Fabulous atmospheric photos taken with a classic Minolta SRT101 SLR on Kodachrome film.
So much to see in these photos-fabulous 911s including the super rare TR of Alan Hamilton,the cigarette sponsorship,the pure slicks on the wide Fuchs wheels ,half cages in the cars,the officials in flat caps,jackets and collars and ties,the fuel bowsers placed right next to the paddock-one flash and they were all ash-and the sign for "Driver and Pit Crew amenity tent".Note the word tent.Contrast this with the massive mobile catering facility solely for the use of the precious Carrera Cup prima donnas at the recent Australian Rennsport.I am sure that they served a mean egg and bacon roll in the amenities tent.No tofu and mung bean salad back then.
The Farm closed to motor racing in July 1973 but in 1987 a shortened part of it was still accessible and we used it for a Jaguar customer promotion with Stirling Moss.Before the Jaguar owners arrived Stirling took me around the circuit for a few fast laps in an XJ6 and he was fast and so smooth.Straight onto the track-one medium pace recce lap and then he was into it.His car control was quite extraordinary.He made that big car dance.Then he gave me some personal tuition.A quarter of an hour of high speed driving tuition from Stirling Moss -Priceless! On that same day Keith Berryman also took me around in his D-Type Jaguar.Not everyday you get to ride as a passenger in a genuine D-Type at speed on an historic racetrack.
I am very lucky to have seen Stirling Moss racing in the prime of his career.I saw him when I went to my first ever motor race at Crystal Palace in London in 1956.He was racing his personal Maserati 250F and he won the Formula Libre race.I can just remember seeing the 250F and I certainly did not appreciate then that I was seeing one of the world's greatest racing drivers in action.Five years later I saw him win the 1961 TT at Goodwood in a Ferrari 250GT and I was also at Goodwood on that fateful day in 1962 when he had the major accident which ended his top level racing career.
And by coincidence I was at the Le Mans 24 hours race in 2011 when he decided whilst practicing in his Porsche for the historic support race that it really was time to stop.I took the photo above of Stirling in the Porsche after he had pulled off and made the decision to finally quit racing.That's his wife,Susie, coming over to speak to him-probably very relieved - Le Mans is a very dangerous track even for a young man as the 2013 race sadly showed.You can see the emotion in Stirling as he sat there semi slumped with one of his support crew waiting to drive him back into the paddock.For him that day was the end of an amazing personal journey.This photo was taken from the public spectator area looking down onto the paddock with my little Canon G9 fitted with a Canon tele-extender.A pretty small -and inexpensive-piece of kit.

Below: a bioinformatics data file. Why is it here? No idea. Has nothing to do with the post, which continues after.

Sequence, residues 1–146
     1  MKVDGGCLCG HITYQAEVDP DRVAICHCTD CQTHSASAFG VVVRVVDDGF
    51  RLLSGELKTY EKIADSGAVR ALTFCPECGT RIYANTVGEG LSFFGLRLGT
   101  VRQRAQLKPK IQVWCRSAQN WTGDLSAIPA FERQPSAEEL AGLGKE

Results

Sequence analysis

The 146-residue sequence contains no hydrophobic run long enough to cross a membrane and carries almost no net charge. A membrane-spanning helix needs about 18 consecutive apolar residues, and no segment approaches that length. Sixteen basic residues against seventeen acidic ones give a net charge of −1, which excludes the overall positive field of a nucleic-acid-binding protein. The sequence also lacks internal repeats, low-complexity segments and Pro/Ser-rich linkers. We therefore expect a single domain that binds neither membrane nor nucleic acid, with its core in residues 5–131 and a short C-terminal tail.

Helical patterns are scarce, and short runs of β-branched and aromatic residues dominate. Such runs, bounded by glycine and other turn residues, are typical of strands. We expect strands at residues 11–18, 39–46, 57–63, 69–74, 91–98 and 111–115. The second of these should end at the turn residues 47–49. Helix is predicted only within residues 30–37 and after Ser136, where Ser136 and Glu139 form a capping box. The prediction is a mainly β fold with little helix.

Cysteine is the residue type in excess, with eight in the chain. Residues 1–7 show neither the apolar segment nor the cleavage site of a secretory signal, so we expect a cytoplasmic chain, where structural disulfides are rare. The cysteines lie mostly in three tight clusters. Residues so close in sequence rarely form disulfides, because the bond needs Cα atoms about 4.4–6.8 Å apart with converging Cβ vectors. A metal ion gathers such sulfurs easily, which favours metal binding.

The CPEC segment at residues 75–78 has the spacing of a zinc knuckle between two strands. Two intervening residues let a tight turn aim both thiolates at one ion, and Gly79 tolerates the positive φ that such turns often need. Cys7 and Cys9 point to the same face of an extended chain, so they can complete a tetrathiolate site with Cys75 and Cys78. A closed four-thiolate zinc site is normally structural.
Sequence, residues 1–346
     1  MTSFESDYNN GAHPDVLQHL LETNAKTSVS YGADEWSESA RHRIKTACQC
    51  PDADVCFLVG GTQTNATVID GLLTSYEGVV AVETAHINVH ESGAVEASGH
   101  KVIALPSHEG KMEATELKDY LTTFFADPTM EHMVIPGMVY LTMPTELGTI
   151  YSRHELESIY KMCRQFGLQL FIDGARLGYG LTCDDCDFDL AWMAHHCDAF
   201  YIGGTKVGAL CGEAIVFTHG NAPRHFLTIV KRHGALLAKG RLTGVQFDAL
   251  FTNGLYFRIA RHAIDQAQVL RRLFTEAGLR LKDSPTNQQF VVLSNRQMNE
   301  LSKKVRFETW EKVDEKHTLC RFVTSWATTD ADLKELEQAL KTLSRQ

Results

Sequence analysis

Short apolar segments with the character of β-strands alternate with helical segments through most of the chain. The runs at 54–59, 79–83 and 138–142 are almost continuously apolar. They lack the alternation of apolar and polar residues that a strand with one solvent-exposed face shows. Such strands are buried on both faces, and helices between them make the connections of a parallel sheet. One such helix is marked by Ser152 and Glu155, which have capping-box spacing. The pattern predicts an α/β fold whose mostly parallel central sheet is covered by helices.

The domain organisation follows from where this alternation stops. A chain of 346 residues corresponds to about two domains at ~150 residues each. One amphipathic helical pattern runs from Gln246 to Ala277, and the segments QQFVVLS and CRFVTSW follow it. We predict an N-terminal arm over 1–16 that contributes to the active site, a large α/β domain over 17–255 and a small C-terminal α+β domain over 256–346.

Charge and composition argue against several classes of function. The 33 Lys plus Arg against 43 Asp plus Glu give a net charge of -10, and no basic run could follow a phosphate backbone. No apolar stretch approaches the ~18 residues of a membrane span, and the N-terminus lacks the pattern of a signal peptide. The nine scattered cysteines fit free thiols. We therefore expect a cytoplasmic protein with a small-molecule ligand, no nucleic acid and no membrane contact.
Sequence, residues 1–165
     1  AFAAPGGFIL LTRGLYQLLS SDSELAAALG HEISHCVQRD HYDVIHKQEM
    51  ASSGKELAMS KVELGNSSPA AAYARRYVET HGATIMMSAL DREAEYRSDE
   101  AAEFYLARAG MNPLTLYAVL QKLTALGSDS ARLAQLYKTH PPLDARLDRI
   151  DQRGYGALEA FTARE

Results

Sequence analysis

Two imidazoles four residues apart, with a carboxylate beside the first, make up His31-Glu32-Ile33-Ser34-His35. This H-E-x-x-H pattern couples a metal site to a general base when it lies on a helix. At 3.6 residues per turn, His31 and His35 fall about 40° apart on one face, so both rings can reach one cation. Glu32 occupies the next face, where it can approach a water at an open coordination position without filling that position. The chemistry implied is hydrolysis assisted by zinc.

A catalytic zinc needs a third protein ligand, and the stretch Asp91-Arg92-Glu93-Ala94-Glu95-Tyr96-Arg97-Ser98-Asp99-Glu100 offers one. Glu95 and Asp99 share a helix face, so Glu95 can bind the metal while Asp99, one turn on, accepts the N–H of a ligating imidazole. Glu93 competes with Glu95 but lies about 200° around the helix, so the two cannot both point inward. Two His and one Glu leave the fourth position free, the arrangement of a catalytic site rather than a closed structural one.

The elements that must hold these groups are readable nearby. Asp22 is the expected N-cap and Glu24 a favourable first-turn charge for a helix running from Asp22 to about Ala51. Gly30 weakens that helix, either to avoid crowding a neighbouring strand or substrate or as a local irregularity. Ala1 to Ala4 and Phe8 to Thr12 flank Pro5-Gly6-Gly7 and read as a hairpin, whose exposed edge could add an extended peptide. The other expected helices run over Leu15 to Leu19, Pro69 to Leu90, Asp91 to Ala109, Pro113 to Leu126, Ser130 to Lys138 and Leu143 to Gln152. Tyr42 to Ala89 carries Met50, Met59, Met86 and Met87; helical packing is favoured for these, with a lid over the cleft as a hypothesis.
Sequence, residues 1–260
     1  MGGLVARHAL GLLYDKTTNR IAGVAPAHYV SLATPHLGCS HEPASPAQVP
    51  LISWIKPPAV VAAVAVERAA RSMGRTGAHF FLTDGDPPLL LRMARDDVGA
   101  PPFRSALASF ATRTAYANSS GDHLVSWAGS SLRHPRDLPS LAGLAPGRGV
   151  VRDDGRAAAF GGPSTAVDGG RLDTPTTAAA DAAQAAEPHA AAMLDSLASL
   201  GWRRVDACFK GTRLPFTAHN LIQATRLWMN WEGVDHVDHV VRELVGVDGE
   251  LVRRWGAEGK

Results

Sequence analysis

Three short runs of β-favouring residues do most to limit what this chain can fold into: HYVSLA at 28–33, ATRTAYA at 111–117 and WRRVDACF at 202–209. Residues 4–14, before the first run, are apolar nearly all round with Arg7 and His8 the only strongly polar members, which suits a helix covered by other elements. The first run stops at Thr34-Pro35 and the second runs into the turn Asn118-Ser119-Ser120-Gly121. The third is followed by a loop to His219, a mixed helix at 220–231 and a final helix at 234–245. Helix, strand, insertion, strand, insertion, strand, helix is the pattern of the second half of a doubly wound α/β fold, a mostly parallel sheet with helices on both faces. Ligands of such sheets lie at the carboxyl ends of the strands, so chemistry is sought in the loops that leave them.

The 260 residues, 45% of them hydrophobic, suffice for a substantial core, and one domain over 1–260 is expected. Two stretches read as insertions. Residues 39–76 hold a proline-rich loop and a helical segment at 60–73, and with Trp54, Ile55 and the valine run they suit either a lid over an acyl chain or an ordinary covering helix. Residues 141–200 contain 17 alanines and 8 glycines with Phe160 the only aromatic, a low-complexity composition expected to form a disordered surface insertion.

We ran the Jaguar promotion at other circuits around Australia .Then it was off to the Australian Grand Prix in Adelaide and which was the final round of the World Championship.It was a wonderful atmosphere for the F1 Grand Prix in Adelaide and Melbourne has never matched it although having the race at the end of the season helped Adelaide and of course F1 has changed -very much for the worse- sadly.
The photo above shows a much younger me with a much younger Stirling Moss outside the Adelaide Hilton at the time of the 1987 Grand Prix.John Crawford who took that 1987 photo was in the US last month and had dinner with Stirling and his wife Susie and Derek Bell and his wife in Florida and although Stirling is now 84 and suffered a terrible accident in his home a few years back both he and Susie look very well.
John took this photo on his iPhone.I wish that the iPhone had been invented 30 years earlier as I would have so many more shots of great motor racing moments.